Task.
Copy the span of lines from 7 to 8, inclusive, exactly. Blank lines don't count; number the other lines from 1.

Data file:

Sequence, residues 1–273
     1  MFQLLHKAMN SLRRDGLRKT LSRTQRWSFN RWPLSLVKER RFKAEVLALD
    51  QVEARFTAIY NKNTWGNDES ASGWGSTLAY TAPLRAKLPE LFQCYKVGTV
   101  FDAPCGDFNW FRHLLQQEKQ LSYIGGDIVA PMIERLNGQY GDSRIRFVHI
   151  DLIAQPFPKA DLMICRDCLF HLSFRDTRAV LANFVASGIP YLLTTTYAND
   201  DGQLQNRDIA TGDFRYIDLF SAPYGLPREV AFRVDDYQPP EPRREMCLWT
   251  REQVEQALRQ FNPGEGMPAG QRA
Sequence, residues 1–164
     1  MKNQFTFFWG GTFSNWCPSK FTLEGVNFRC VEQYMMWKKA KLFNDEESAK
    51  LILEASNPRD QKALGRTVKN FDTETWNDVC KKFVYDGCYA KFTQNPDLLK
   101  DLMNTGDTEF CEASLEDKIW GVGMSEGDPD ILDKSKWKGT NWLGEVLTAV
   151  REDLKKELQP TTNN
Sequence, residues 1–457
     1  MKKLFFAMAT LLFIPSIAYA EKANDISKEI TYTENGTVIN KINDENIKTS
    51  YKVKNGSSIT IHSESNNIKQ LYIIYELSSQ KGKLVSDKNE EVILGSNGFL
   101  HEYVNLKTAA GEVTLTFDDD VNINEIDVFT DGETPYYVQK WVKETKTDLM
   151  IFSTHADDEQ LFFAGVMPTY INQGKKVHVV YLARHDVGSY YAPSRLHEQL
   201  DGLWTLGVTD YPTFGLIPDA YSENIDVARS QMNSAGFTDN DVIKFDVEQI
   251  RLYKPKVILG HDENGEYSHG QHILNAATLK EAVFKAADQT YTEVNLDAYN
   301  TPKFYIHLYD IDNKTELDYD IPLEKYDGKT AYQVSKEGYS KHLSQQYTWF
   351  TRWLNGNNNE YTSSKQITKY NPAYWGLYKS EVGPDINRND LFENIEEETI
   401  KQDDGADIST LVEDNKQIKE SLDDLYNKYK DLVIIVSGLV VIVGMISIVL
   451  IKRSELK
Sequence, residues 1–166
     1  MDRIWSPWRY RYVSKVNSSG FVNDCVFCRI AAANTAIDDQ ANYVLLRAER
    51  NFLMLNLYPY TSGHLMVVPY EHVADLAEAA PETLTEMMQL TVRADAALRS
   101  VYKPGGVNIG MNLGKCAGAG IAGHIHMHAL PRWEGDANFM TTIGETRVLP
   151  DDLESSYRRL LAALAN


   251  REQVEQALRQ FNPGEGMPAG QRA
Sequence, residues 1–164